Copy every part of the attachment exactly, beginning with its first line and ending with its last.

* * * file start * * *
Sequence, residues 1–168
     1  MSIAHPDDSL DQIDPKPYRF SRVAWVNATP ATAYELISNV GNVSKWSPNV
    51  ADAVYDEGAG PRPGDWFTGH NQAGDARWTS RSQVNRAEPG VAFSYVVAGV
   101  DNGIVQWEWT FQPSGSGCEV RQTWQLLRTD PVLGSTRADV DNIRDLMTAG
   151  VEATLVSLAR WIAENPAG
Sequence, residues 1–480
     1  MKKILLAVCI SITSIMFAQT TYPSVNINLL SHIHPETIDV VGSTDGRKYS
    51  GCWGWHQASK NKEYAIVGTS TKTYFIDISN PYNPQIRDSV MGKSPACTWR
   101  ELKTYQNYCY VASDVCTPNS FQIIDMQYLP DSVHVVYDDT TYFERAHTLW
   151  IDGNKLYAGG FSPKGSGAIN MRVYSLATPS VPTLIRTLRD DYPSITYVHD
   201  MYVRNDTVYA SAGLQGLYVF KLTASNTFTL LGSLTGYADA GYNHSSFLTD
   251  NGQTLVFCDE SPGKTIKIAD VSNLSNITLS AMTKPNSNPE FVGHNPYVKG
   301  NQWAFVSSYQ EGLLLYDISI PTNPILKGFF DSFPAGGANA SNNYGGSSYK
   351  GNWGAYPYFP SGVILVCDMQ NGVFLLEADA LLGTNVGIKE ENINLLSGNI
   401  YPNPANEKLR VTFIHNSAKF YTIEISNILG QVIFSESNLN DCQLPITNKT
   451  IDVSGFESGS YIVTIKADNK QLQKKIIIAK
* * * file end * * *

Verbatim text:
Sequence, residues 1–168
     1  MSIAHPDDSL DQIDPKPYRF SRVAWVNATP ATAYELISNV GNVSKWSPNV
    51  ADAVYDEGAG PRPGDWFTGH NQAGDARWTS RSQVNRAEPG VAFSYVVAGV
   101  DNGIVQWEWT FQPSGSGCEV RQTWQLLRTD PVLGSTRADV DNIRDLMTAG
   151  VEATLVSLAR WIAENPAG
Sequence, residues 1–480
     1  MKKILLAVCI SITSIMFAQT TYPSVNINLL SHIHPETIDV VGSTDGRKYS
    51  GCWGWHQASK NKEYAIVGTS TKTYFIDISN PYNPQIRDSV MGKSPACTWR
   101  ELKTYQNYCY VASDVCTPNS FQIIDMQYLP DSVHVVYDDT TYFERAHTLW
   151  IDGNKLYAGG FSPKGSGAIN MRVYSLATPS VPTLIRTLRD DYPSITYVHD
   201  MYVRNDTVYA SAGLQGLYVF KLTASNTFTL LGSLTGYADA GYNHSSFLTD
   251  NGQTLVFCDE SPGKTIKIAD VSNLSNITLS AMTKPNSNPE FVGHNPYVKG
   301  NQWAFVSSYQ EGLLLYDISI PTNPILKGFF DSFPAGGANA SNNYGGSSYK
   351  GNWGAYPYFP SGVILVCDMQ NGVFLLEADA LLGTNVGIKE ENINLLSGNI
   401  YPNPANEKLR VTFIHNSAKF YTIEISNILG QVIFSESNLN DCQLPITNKT
   451  IDVSGFESGS YIVTIKADNK QLQKKIIIAK